A reader writes:
I applied for a job in early July. I was contacted for an interview in mid-September. Completed all interviews by mid-October. I got a call on November 1st asking to meet with me again and for me to send in references. We met and the conversation went well. They explained I was the top candidate and that they would be checking references.
They asked at that point about my timeline for starting. I said that it would need to be a minimum of four weeks from the day I put my notice in, based on my company’s current policy to receive unused paid vacation. That would put me sometime around mid-December. I did express some concern because my current company is closed with pay from December 24th to January 2nd. We are not required to use vacation. The new company is also closed that week but requires employees to use vacation or take it unpaid. I was concerned about starting a new company two weeks before they closed for the holidays and not have any earned vacation time. I explained that everything was negotiable but that my ideal start date would be the first week of January.
The employer seemed very upset and said early December was their plan. I reiterated that after I got an offer, I would be willing to negotiate an early start date but that I was concerned about starting a new job quickly, losing my unused vacation, and having to take a week unpaid. I said if it is a deal breaker, let me know, but if there is room to negotiate, I would like to.
A couple weeks went by and they final called my references. The references said things went well. My supervisor even told me that they asked her about how many weeks notice is required. My supervisor told the employer four weeks but that most employees give more if applicable to provide a smooth transition.
A few days went by and I emailed the employer. She said the references were excellent and they were just dealing with some delays on their end with the hiring process. They asked me to be patient and would get back to me ina couple days. That was a week ago. This week is Thanksgiving week, so I am concerned about not hearing until next week and I don’t want to keep checking in.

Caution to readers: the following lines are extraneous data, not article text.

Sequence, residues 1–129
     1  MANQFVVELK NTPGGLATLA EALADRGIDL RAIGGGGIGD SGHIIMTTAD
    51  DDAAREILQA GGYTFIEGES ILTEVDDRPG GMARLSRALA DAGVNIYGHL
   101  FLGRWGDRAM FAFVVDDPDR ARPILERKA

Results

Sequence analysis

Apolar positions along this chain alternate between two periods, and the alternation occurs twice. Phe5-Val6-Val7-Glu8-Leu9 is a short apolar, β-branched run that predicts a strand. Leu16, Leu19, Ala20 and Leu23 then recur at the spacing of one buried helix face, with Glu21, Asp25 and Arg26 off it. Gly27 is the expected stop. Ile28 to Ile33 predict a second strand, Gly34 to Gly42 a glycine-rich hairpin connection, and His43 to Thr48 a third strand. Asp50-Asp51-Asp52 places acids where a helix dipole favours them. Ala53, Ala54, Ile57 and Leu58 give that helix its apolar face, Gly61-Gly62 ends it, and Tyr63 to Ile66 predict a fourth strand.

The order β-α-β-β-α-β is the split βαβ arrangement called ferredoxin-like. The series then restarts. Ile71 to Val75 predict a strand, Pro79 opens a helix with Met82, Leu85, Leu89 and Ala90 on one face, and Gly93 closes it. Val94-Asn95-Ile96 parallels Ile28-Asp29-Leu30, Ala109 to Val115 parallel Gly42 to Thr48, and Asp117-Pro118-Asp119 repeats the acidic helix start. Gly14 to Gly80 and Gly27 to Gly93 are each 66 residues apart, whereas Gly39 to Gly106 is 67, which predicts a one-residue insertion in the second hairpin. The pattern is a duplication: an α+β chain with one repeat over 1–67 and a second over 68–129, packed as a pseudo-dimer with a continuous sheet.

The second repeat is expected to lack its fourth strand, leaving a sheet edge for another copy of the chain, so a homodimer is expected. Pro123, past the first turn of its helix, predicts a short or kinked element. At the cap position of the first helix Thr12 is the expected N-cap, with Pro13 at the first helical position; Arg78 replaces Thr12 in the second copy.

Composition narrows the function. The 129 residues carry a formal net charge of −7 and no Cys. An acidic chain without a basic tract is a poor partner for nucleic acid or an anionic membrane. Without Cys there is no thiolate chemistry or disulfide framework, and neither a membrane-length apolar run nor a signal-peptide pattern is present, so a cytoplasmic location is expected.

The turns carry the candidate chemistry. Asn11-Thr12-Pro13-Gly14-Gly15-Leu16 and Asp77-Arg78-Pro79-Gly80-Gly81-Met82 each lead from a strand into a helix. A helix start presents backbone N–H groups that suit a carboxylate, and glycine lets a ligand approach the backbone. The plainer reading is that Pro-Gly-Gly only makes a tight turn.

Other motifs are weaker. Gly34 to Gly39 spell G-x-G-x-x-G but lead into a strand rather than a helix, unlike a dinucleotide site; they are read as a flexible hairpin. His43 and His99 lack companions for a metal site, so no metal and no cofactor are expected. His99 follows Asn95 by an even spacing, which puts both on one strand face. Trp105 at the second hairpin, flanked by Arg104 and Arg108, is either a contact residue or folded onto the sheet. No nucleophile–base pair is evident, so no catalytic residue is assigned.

I feel like I should email and ask for another timeline update but don’t want to nag. I also am concerned about that start date issue. The later they go the harder it will be to even negotiate a December start date.
I’d wait and let this play out. They know you’re waiting on an answer, and they know your time constraints.
Plus, the longer they wait to make you an offer, the easier it will be to negotiate an early January start date. They know you need to give four weeks notice, and they’re almost at the point where four weeks will put you at early January. And actually, since they’re closed the last week of December, they’re basically at the point right now where four weeks notice will already put you at early January.
If your concern is that they’ll try to pressure you to start sooner … well, I’d be wary of that. You’ve been clear with them throughout the process what your timeline is, they even got that confirmed by your current employer (more on that in a minute), and they’ve really taken their time with this whole process. (It’s been nearly five months since you originally applied, and they’re prolonging things right when they should be moving quickly if they’re really serious about their needs for December.)
It’s not reasonable for them to hear weeks ago that you would need to give four weeks notice, keep asking for your patience, and then insist that you break your commitment to your current employer to hurry up and start, when they haven’t treated the process with urgency themselves.
Also, what you’re telling them is completely reasonable: You’ll lose money if you compress your notice period. A reasonable company that’s really interested in you wouldn’t get “very upset” at hearing that; they’d just figure they’d need to cover that money themselves. It’s not uncommon for a new employer to pay out the vacation pay that their new hire will lose for starting early, or to cover the holiday pay that someone is missing out on in order to meet the new employer’s desired start date. That’s how reasonable employers handle this kind of conflict — not by getting upset and pushing you to do something that isn’t in your financial interest (and which could impact your standing with your old employer, depending on how it’s handled).
Speaking of which, it’s a little worrisome to me that they asked your reference about how many weeks notice they’d require. You’d already talked to them about that, so … did they not believe you? Were they hoping for information that would help them pressure you to do something differently? At best, that was a really paternalistic move on their part, and there’s a pretty good chance it’s a sign of something even more troubling, like not understanding boundaries and doing unreasonable things to advance their own interests.
So I’d proceed with real caution here. Don’t take this offer without really reflecting on what you know about this company, how their operate, their culture, and the people you’d be working with. It’s possible that it’s a fine place to work, but you’re seeing flags telling you that at a minimum you should proceed carefully.